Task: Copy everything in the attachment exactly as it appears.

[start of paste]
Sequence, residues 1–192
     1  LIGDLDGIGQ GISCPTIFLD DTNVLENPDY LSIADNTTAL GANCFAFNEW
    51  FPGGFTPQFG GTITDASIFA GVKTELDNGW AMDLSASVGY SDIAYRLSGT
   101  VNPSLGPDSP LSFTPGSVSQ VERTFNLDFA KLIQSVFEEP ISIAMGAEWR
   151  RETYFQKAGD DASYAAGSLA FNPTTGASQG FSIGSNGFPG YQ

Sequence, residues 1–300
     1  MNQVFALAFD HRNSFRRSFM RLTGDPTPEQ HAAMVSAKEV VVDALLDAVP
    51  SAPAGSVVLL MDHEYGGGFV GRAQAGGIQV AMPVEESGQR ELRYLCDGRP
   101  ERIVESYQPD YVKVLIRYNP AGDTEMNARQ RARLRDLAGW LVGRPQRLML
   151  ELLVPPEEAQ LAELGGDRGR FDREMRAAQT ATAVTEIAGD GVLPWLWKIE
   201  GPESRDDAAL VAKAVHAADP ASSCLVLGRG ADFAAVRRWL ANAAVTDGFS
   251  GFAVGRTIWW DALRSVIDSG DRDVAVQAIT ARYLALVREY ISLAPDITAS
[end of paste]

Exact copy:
Sequence, residues 1–192
     1  LIGDLDGIGQ GISCPTIFLD DTNVLENPDY LSIADNTTAL GANCFAFNEW
    51  FPGGFTPQFG GTITDASIFA GVKTELDNGW AMDLSASVGY SDIAYRLSGT
   101  VNPSLGPDSP LSFTPGSVSQ VERTFNLDFA KLIQSVFEEP ISIAMGAEWR
   151  RETYFQKAGD DASYAAGSLA FNPTTGASQG FSIGSNGFPG YQ

Sequence, residues 1–300
     1  MNQVFALAFD HRNSFRRSFM RLTGDPTPEQ HAAMVSAKEV VVDALLDAVP
    51  SAPAGSVVLL MDHEYGGGFV GRAQAGGIQV AMPVEESGQR ELRYLCDGRP
   101  ERIVESYQPD YVKVLIRYNP AGDTEMNARQ RARLRDLAGW LVGRPQRLML
   151  ELLVPPEEAQ LAELGGDRGR FDREMRAAQT ATAVTEIAGD GVLPWLWKIE
   201  GPESRDDAAL VAKAVHAADP ASSCLVLGRG ADFAAVRRWL ANAAVTDGFS
   251  GFAVGRTIWW DALRSVIDSG DRDVAVQAIT ARYLALVREY ISLAPDITAS